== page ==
Lake Tanganyika, East Africa, Tanzania, Kasanga
93rd place in Biotope Aquarium Design Contest 2018
Lithuania. Inga Ragėnė
Volume: 390 L
Dimensions: 130x50x60 cm
List of fishes: Tropheus moorii “Kasanga”, Altolamprologus compressiceps
List of plants: N/A
Description of decorations: The rocks was collected from Lithuanian grasslands and meadows, streams and dams (about 110 kg). The sand is JBL Sansibar “Dark” (about 25 kg).
Description of equipment: Filtration: Fluval FX6 (2130 l/h) and Eheim 2275 Professionel 4+ 600 (1250 l/h). Lighting: 1 x 18W led tube Aqueael “PLANT” (1300 lm), 1 x 18W led tube Aquael “MARINE” (1600 lm), night lighting 1 x white led tube (48 cm long). Heating: Hydor 300W heater for external canister filters.
Water parameters: The Ph is 8,5 and the temperature is 26°C.
INFORMATION ABOUT BIOTOPE
Description of the area surrounding the biotope: Tanganyika is the largest rift lake in Africa and the second largest lake by volume in the world. It is the deepest lake in Africa and holds the greatest volume of fresh water, accounting for 18% of the world’s available fresh water. The lake Tanganyika is divided among four countries – Tanzania, Democratic Republic of the Congo (DRC), Burundi, and Zambia, with Tanzania (46%) and DRC (40%) possessing the majority of the lake. The water flows into the Congo River system and ultimately into the Atlantic Ocean.
Description of the underwater landscape of the biotope: Tropheus lives at rock and cobble shores where it inhabits a wide range of water depths, sometimes down to 40 m, but its highest density is between the depths of 0.5 and 5 m. The genus is highly specialized and occupies the trophic niche of mainly browsing on filamentous algae, whereas other genera utilize different resources in this complex littoral species community. In the littoral zone of freshwater lakes, several ecological factors vary strongly with water depth. Tropheus moorii prefers shallow water, presumably because of the higher algal productivity, warmer temperatures and lower mortality risk caused by pelagic predatory fish. Only very large adults tend to use slightly deeper water (>5 m). Looking at the records of the Kasanga area I noticed the more angular stones than in other regions.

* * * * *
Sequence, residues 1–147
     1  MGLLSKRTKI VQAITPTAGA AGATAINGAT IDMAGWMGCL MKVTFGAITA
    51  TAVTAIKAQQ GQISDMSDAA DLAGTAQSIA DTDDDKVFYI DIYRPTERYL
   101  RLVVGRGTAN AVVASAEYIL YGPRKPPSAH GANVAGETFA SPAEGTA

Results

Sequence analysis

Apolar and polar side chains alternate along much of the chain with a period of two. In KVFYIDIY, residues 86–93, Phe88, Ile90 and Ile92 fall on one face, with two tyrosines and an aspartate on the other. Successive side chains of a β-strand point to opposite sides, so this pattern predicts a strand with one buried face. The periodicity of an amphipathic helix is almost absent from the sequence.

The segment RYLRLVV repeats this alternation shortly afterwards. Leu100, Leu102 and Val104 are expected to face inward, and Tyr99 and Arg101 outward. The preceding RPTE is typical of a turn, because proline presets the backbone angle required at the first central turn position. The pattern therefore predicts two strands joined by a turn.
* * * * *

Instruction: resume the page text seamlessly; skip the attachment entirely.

Description of the parameters of the habitat: The lake’s water is alkaline with a pH of around 9 at depths of 0–100 m (0–330 ft). Below this it is around 8.7 Ph, gradually decreasing to 8.3—8.5 Ph in the deepest parts of Tanganyika. Surface temperatures generally range from about 24 °C (75 °F) in the southern part of the lake in early August to 28–29 °C (82–84 °F) in the late rainy season in March—April. At depths greater than 400 m (1,300 ft) the temperature is very stable at 23.1–23.4 °C (73.6–74.1 °F). The water has gradually warmed since the 1800s and this has accelerated with global warming since the 1950s.
List of fishes: The lake contains at least 250 species of cichlid fish (Cichlidae) and 150 other species of non-cichlid fish, most of which live on the shore of the lake, at a depth of 180 m. The lake is also an important site of study on the evolution of species. Almost all (98%) of the cichlid species of Tanganyika are endemic to the lake. This high degree of endemic species also occurs with many lake invertebrates, such as molluscs, crabs, copepods, shrimp, jellyfish, leeches, etc. There are probably some 13 species of Tropheus in Lake Tanganyika, divided into around 120 known subspecies or local variants. In Lake Tanganyika area Kasanga can find one of the loveliest is undoubtedly the Tropheus Moorii Kasanga. Altolamprologus compressiceps type locality is the town of Kinyamkolo, now known as Mpulungu, located in Zambia at the southern tip of Lake Tanganyika. The species is endemic to the lake but quite widely-distributed with other localities including Kasanga, Katoto, Kabemba ect. Tropheus and Altolamprologus comp. it is a poor companion, but they live in the lake nearby. It is difficult to reconcile diet in my tank, but dry krill corrects the situation.
List of plants: N/A
Threats to the ecology: The threats to the lake’s fauna today are large-scale fishing by unauthorized means, rising pollution. Elemental plant, slaughterhouse, brewery pours harmful waste directly into the lake. The sewage of the Burundian capital and several other smaller cities also travels directly to the lake. Inadequate agro-culture, deforestation, invasive plants and animal species are one of the factors leading to one of the cleanest lakes in the world ever to perish.
Sources of information:
- Sturmbauer et. al., 2008
- Konings, 1998